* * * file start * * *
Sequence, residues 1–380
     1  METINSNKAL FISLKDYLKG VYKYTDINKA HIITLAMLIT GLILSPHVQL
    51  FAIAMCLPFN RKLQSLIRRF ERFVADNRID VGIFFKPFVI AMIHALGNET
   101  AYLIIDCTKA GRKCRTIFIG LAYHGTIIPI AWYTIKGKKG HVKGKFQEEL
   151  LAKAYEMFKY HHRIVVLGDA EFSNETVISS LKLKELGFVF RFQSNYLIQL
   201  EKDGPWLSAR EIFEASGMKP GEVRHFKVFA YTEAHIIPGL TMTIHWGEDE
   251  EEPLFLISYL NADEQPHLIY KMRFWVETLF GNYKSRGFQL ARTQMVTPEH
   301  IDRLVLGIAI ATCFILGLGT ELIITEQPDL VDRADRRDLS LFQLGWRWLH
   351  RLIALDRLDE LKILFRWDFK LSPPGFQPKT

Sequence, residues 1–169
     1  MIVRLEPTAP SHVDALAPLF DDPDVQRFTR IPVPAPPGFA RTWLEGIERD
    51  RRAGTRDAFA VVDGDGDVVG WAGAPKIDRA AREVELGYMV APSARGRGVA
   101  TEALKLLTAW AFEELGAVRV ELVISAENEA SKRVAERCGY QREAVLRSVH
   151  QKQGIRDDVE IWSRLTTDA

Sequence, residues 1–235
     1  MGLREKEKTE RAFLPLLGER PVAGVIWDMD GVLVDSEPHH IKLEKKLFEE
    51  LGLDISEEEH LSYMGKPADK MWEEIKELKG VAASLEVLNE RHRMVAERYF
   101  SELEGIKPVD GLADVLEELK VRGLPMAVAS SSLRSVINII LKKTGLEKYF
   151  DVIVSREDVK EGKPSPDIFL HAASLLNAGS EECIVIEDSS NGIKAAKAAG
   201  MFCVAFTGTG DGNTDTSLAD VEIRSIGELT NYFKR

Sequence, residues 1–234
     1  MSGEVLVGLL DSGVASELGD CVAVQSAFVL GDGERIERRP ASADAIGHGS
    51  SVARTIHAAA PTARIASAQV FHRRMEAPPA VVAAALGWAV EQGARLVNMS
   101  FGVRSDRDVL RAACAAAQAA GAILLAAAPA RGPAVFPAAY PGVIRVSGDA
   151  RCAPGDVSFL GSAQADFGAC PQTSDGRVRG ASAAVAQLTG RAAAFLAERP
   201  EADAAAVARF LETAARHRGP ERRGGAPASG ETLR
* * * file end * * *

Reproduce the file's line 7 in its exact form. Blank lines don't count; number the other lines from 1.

   251  EEPLFLISYL NADEQPHLIY KMRFWVETLF GNYKSRGFQL ARTQMVTPEH